CDC Personnel Arrive

When Kate O’Brien arrived in Haiti on Friday, June 14, 1996, to launch the epidemiologic investigation, she immediately went to the General Hospital, where she met with pedia-tricians and epidemiologists to discuss the approaches they would employ to

pinpoint the cause(s) of the epidemic. The weekend of her arrival, a physician with whom she had worked in Haiti in 1991 dropped off the medications he had collected from two children then in the hospital with renal failure. She noticed that both children had taken Pharval acetaminophen preparations, one labeled Afebril and the other Valodon. She also noted that the two drugs had sequential lot numbers, but she was not sure whether this had any significance.
O’Brien was soon joined by a colleague from the С DCs National Center for Environmental Health, Joel Selanikio, MD. Selanikio, also a member of the “Class of ’95,” would conduct the investigations of pharmaceutical companies, including Pharval. By the time Selanikio arrived in Haiti, O’Brien and her colleagues suspected that the epidemic was due to DEG contamination and that Pharval’s products were involved. In an increasingly tense situation, Selanikio’s arrival freed O’Brien for the ongoing medical effort.

The CDC investigators recall with grim humor that in Haiti, in contrast to everything they had learned at the CDC, the epidemic did not stop the moment they arrived. O’Brien and Selanikio worked with a tremendous sense of urgency. Children were dying before their eyes, usually within approximately three days of admission, and approximately three children were being admitted to the General Hospital every day.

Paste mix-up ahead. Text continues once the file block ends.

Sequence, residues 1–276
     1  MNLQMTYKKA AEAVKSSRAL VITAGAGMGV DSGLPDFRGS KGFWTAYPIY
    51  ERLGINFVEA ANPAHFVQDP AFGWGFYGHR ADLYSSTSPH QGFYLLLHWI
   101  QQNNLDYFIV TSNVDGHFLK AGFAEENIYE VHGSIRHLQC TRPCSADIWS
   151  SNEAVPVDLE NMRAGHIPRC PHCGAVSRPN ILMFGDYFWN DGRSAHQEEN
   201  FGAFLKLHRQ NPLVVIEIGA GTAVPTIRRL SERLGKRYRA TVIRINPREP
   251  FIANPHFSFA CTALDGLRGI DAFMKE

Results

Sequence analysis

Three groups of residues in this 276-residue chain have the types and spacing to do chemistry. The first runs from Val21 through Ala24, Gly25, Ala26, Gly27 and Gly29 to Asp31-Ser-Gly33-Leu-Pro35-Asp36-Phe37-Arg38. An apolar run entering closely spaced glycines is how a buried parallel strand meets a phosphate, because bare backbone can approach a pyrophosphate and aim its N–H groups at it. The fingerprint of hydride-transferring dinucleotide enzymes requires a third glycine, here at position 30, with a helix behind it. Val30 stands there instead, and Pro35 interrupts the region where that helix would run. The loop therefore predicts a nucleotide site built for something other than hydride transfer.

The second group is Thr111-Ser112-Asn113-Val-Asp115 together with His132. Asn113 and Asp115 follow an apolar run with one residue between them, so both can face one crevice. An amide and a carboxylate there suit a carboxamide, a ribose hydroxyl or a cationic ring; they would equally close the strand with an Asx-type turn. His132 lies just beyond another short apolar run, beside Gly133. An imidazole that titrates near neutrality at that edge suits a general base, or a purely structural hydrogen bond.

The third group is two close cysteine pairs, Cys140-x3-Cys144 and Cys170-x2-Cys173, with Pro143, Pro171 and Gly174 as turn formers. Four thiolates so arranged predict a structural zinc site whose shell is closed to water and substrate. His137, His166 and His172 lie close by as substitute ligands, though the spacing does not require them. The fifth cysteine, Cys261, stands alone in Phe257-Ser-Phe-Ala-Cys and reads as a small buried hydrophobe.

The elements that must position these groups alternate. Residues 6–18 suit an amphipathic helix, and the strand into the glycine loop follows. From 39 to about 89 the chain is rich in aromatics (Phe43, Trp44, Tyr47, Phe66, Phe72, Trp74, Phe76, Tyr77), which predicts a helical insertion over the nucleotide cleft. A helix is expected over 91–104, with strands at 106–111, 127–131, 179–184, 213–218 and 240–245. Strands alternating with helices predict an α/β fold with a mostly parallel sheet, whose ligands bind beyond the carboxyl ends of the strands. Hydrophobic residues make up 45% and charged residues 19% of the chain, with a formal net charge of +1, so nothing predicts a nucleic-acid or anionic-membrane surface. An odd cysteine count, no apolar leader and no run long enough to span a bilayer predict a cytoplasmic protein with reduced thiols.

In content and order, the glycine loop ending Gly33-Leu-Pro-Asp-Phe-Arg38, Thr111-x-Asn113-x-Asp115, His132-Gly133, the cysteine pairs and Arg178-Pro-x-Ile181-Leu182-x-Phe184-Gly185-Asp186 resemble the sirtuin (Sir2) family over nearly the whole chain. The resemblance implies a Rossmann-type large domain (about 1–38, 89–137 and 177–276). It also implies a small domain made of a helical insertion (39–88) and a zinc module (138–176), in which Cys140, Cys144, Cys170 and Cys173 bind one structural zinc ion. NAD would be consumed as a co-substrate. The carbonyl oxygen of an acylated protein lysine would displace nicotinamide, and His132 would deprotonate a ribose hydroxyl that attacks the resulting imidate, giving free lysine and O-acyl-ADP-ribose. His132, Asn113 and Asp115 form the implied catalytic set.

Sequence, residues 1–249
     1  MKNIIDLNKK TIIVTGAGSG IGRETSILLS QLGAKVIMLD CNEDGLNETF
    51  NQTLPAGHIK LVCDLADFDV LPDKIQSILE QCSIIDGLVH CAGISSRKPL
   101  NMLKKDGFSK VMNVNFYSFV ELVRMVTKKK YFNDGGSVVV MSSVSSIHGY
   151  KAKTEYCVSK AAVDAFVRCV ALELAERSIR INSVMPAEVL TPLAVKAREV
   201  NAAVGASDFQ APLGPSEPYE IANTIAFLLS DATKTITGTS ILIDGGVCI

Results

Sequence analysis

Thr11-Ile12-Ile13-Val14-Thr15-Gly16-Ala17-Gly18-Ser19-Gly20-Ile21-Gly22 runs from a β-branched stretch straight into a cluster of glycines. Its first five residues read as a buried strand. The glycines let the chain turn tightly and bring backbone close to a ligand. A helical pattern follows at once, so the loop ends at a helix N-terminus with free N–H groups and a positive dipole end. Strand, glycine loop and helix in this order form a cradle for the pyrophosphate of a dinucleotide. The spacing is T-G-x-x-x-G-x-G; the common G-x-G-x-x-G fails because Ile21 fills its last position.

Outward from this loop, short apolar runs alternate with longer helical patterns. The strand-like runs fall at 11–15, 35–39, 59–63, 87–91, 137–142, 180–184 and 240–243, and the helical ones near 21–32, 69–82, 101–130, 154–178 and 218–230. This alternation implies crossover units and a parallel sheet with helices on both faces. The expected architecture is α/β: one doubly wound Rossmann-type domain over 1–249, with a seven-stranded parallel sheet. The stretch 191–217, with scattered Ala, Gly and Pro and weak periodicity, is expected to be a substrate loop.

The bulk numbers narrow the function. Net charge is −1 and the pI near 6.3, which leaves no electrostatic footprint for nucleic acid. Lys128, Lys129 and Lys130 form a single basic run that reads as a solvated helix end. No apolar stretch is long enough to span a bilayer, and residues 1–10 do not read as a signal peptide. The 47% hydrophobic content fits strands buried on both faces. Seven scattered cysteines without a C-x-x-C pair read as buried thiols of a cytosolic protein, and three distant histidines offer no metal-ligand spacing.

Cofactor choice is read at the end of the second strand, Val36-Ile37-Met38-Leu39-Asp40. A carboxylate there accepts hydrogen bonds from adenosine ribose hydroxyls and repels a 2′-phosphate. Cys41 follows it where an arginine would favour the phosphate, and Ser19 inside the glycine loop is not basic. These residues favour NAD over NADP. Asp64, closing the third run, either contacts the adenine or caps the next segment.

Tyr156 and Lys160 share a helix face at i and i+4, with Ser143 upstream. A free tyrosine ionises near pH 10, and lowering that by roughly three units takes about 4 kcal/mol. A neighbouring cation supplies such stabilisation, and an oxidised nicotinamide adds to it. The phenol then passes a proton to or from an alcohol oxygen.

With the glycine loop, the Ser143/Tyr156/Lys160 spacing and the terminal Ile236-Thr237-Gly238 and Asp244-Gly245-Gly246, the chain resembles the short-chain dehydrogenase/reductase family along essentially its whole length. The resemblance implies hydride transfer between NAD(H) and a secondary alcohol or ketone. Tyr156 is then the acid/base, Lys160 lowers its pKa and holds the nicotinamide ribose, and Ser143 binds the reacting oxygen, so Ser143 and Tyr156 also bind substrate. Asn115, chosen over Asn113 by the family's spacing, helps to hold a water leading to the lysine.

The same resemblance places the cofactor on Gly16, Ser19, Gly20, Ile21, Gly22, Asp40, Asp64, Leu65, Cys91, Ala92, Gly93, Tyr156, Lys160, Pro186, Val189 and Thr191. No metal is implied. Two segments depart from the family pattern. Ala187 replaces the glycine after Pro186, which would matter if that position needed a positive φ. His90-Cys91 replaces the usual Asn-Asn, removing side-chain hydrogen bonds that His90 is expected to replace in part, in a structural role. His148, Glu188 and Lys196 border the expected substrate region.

Efforts to treat these children proved nearly impossible. By the time that O’Brien arrived in Haiti, equipment for performing simple peritoneal dialysis was available. This technique would have been safe, effective, and adequate had the Haitian children merely suffered from renal failure. Renal failure, however, was not the only symptom requiring treatment; most of the children suffered from symptoms such as severe vomiting, hepatitis, pancreatitis, neurological problems including respiratory failure, facial paralysis, encephalopathy, and

even coma. The General Hospital in Haiti was not equipped to offer intensive care for these multiple, life-threatening conditions.
Into this void stepped a group of nephrologists from the University of Michigan led by Tim Bunchman, MD, and Rulan Parekh, MD MPH. Upon learning of her son’s prognosis, one Haitian mother had contacted UNICEF and other international relief agencies asking for help in saving her child. The International Services of HOPE responded by flying her two-year-old son to Ann Arbor for treatment. After two weeks of intensive care for neurological problems as well as renal failure, the child was alert, active, and recovering. Working largely over the Internet, Bunchman and his colleagues located medical centers that agreed to provide intensive care services for the Haitian children, and the International Services of HOPE arranged to Medivac as many children as possible to the US for treatment. Of 98 children who remained in Haiti with anuria (inability to urinate) and renal failure, 11 were removed from the hospital, presumably to die at home. Of the remaining 87, only two survived. Eleven children were flown to the United States for intensive care. One died in flight, and two died shortly after arrival. Two more died later, but the remaining six survived and made full recoveries following intensive treatment.